Pakistan Cricket Heritage
On fast-bowlers, yorkers, and pakistan cricket heritage.
Batsmen use their feet versus spin because they have the time to do so. They use their feet to meet the ball outside the 4-5-meter danger area where the ball is at its most dangerous. Batsmen can not use their feet versus pace because the distance to cover is too great in little time, and the ideal length varies. But the yorker does have an ideal length, and it’s infinitesimally smaller than a spinner’s; hence, the slightest movement from a batsman can turn the yorker into a slot ball or full toss.
Why do bowlers not bowl yorkers?
They do try, you know – probably more than they should. They know it’s a double-edged sword – miss it by a meter either way, and it will travel. Higher pace gives you a slightly larger margin of error, but you are not getting out of jail with it.
So, do they not have the skill to nail their yorkers, like the bowlers of old like Wasim, Waqar, Malinga, and Gul?
It is not a skill thing; it’s a being human thing. To nail 6 out of 6 yorkers is painfully rare – the ones you remember are those that nailed 4 and then got lucky with the other 2. A singular strategy for the death overs will come back to bite you sooner rather than later because once your opponent knows what is coming, they will start lining you up.
But why did Wasim and Waqar nail their yorkers?
They had a higher margin of error for yorkers. You get that by:
- Having a unique action where the batsman spots the ball late, hence has lesser time to react
- Having high pace so that the batsman has lesser time to react
- Getting the ball to move in the air so the batsman has lesser time to adjust to the new path
So basically, anything that reduces reaction time makes you more likely to not travel when you do not nail the yorker. Modern bowlers can (legally) manage at most two of those things, the first is ingrained from childhood, and you do not have many ten-year-olds choosing their actions because it will give them a higher margin of error in bowling yorkers. The second point is even harder to manage if you do not have it. The third point has been mostly killed from the game. With balls in limited-overs cricket not getting any older than 25 overs, how are you supposed to move a 16-25-over old ball?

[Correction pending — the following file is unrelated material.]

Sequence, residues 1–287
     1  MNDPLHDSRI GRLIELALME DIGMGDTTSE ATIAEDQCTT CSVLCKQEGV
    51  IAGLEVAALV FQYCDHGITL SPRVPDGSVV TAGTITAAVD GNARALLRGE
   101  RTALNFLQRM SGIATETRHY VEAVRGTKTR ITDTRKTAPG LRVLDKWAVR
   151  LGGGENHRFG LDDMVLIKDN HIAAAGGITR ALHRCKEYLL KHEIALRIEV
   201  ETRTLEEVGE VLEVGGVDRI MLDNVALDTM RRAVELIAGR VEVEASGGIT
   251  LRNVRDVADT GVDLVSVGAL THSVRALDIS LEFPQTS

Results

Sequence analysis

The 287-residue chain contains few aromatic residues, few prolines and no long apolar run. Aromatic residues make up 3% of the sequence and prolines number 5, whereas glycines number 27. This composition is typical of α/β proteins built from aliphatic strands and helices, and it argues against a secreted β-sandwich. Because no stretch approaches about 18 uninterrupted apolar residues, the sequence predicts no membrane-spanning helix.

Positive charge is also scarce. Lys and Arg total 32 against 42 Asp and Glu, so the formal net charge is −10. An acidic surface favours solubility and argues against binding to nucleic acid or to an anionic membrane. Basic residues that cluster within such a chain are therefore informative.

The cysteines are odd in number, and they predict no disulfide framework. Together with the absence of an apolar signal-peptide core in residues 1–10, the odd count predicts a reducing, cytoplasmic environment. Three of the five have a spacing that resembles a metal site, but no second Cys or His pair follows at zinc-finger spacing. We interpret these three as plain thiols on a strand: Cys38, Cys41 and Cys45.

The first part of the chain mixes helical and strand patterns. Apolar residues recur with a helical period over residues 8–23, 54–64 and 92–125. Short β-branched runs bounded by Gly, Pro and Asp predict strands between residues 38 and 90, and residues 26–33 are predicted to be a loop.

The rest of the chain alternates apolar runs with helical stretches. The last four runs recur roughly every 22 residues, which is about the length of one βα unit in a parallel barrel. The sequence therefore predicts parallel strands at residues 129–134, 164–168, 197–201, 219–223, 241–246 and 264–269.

Wasim and Waqar had reverse swing, taught to them by their seniors, passed down through generations of Pakistan cricket, discovered by their proverbial forefathers, and perfected by them. Now reverse is that fancy thing teams try to get in Tests when they have run out of ideas and have been run ragged by a settled pair.
Shaheen loves to bowl the yorker, and no one knows its double-edged nature better than him. Those full tosses and slot balls to Matthew Wade were not meant to be those. They were the panicked actions of a 21-year-old who went back to the delivery he trusted, the one that he believed would not let him down. The ball did not move, so Wade lined him up.
The Wasim comparisons were always going to be made – left armer from Pakistan, the next Wasim Akram, obviously. But his dependence on the full lengths is so Waqar-coded. Not surprising when you look up who was the bowling coach during his formative years in the national team. When Shaheen burst onto the scene in 2019, his yorker percentage in the first four overs was 12%. From 2020 onwards, it has been 26 to 28% – no prizes for guessing who may have advised him to go fuller more often. The game changes, but Pakistan cricket finds a way.
Reverse swing might essentially be dead, but new-ball swing survives (for now). With the new ball, Shaheen bowling yorkers ticks all the boxes. Receiving a ball delivered from nine feet at 90 miles an hour while curving through the air – yeah, that will make your yorker effective all right. Reaction time is minimized, with the added bonus of the batsman expecting you to start by pitching it on a length and getting it to move off the pitch.
But batsmen have caught on now – they know what is coming, but they still can not line him up because a Shaheen new-ball yorker is not a horse to be tamed but a wild bear. All you can do is lie over and play dead – literally dead bat it and try to run away when he’s not looking. For two overs, the script is flipped, the roles are reversed, and all the rule tinkering to make it not so has been unsuccessful. It used to be ten overs of this in the olden days. Now it’s two overs, but it survives all the same in its new avatar. For two overs, the glitch in the matrix is back – for two overs, batsmen are the hunted.
A Shaheen new-ball yorker is many things. It’s fear, it’s bliss, and it has the dreams of 200 million people riding on it. It is the legacy of his proverbial forefathers, a shred of knowledge that has made its way down to him, an inkling of the magic that was snuffed out. It is Pakistan Cricket Heritage.